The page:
In 2008, an article published by The Wall Street Journal titled “Study Casts Doubt On Key Rate”, highlighted an independent study that showed inconsistencies between reported borrowing costs for LIBOR. This underreporting would have made London’s financial system appear healthier than it actually was; lower interbank rates suggest that banks can continue to borrow unsecured funds from one another cheaply. At first it was difficult for both British and American regulators to actually prove that any purposeful underreporting occurred, since LIBOR is an average collected from the opinions of a private consortium of bankers outside of any public exchange. However in July of this year the Financial Times published a piece by a former trader (firm unspecified) who confirmed that LIBOR manipulation had been a common practice since the early 1990’s, inciting a more robust investigation by American and British authorities. 

At present, regulators from Britain’s Financial Services Authority are proposing a series of changes and regulations to the LIBOR averaging system. 

  • Intentional manipulation of rate reporting would become a criminal offense.
  • Regulators may reduce the number of rates from 150 to 20 to improve the accuracy of reporting.
  • New audits to ensure that traders can’t profit from small changes to LIBOR.

The regulations are promising, and should provide greater accuracy and stability for LIBOR, but more could be done to integrate the BBA paneling system into the government’s regulatory structure. This way, the process of determining the rates would be more transparent and catching fraud would be somewhat easier. 

Anything Else We Should Know?

While not of American origin, LIBOR does play an important role in the American financial system. Thanks to its scope, the averages reported each day impact many of the investment products traded on American exchanges and even the exchange rate of the American dollar itself. Consumers and investors should continue to pay close attention to changes in the LIBOR model as new developments arise. 

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About Alexander J Smith III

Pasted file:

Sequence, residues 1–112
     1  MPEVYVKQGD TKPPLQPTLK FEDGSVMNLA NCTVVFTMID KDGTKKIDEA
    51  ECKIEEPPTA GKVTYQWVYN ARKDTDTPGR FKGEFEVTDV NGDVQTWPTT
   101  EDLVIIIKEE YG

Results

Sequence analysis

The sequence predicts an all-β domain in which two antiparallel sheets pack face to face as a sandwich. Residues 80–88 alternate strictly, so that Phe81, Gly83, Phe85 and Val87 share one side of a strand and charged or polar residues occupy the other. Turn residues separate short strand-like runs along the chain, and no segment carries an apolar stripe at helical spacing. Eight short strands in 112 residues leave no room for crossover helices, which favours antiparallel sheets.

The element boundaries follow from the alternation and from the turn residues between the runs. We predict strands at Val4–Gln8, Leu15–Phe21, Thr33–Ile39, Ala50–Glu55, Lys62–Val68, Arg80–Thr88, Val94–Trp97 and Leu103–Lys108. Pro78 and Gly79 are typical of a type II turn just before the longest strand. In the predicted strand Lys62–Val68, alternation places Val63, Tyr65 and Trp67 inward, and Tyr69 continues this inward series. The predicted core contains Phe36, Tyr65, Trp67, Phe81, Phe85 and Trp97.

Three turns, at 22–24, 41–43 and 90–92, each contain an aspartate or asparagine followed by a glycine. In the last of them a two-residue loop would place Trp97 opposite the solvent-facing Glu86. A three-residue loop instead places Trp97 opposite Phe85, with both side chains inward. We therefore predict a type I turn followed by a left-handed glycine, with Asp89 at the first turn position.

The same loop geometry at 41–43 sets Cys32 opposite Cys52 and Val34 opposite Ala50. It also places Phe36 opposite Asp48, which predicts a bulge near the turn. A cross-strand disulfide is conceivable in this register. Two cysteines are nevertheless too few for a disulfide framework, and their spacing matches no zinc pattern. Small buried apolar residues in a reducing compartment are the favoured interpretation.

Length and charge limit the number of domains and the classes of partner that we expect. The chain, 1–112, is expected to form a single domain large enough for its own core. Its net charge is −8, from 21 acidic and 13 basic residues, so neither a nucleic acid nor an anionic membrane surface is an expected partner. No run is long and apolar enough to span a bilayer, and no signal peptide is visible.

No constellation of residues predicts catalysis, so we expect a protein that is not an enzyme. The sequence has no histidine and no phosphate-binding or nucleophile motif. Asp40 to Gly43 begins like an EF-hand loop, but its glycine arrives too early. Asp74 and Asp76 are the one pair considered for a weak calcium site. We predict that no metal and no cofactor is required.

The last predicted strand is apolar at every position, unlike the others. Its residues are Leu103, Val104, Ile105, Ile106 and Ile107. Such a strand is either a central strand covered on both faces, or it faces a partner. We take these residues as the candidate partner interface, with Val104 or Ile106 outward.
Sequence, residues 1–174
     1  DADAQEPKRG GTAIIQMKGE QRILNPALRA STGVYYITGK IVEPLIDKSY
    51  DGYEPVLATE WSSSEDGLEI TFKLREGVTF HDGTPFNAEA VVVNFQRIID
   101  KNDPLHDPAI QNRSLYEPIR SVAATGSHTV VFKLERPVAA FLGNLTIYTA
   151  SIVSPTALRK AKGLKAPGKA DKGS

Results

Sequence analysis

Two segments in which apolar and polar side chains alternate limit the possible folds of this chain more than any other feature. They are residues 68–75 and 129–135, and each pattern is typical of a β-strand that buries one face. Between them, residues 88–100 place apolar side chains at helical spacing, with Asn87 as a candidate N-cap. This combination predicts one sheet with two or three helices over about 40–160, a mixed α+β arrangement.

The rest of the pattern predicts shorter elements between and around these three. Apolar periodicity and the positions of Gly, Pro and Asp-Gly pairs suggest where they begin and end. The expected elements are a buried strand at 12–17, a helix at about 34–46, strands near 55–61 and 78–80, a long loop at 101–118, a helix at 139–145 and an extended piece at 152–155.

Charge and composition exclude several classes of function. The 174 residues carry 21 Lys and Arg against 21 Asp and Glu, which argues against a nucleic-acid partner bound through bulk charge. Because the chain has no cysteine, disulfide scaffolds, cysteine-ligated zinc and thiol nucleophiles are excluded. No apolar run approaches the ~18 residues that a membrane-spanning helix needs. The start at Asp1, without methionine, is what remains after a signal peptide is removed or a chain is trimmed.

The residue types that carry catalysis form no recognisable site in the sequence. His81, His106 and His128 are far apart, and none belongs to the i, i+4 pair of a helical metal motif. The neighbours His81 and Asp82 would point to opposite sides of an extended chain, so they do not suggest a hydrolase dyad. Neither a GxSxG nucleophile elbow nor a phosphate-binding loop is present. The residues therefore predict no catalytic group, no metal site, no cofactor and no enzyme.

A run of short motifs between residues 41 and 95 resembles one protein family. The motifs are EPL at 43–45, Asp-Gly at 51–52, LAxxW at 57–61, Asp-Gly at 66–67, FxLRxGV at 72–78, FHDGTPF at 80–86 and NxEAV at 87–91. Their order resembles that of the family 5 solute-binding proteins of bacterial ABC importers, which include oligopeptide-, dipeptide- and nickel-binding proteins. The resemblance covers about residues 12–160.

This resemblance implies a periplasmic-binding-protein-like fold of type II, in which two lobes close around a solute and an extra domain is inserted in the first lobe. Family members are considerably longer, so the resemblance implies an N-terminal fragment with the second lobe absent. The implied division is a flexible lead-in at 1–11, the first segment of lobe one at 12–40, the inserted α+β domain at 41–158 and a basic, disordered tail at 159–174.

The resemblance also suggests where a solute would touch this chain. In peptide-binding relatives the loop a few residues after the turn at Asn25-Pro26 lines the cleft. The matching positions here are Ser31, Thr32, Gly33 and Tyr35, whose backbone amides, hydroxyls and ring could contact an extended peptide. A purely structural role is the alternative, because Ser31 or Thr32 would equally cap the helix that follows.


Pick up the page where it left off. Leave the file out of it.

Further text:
• Alexander J Smith III


    That is an excellent question, and honestly don’t know but ill definitely look into it and try and find out for you.

    If you want more insight into Greece, I would check out, “The Euro In Crisis” Parts 3 and 4, though you’re right Goldman Sachs and other U.S. financial institutions did play a role in the increase of its national debt. How that connects to the LIBOR I would also like to look into.

  • Igor


    Good article. Very useful.

    What are the fees associated with LIBOR transactions?

    I suspect that the fees are very low. Low fees and high-speed response times together determine the instability in our western economic systems.

    I believe that one of the reasons for Greeces economic problems is that Goldman-Sachs, acting as financial advisors to the Greek Finance Ministry, sold Greece on the kind of constant re-finance plan that has become popular, thus hitching Greeces fortunes to the LIBOR.

  • Alexander J Smith III

    LIBOR has a lot of implications that most consumers aren’t aware of simply because they don’t really know what it is. That’s one of the main reasons I do this series, so that folks can start to understand that these complex terms and instruments really do apply to their everyday wallets. You make a great point about the LIBOR scandal, and other investment/banking/accounting frauds leading to increased uncertainty in global markets, and that’s something that legitimate regulatory policy can help to quell.

  • jamminsue

    LIBOR probably controls your credit card rate and your boss’ lease COLA. It controls rates on financial documents from pensions to Savings & Loan interest. This is a really big deal. No one seems to care. From what I read, this could be what crashed Greece. It is past time people are apathetic about white-collar crime, this matters. Just as the hedge funds and mortgage fraud destroyed this country, things like LIOBR scandal are responsible for slowing recovery, and creating additional uncertainty. Because of how interrelated financial institutions are, we can no longer allow bankers to act like bobber barons of times past. We should not have to learn this lesson over again. We learned it in 1857, the first time.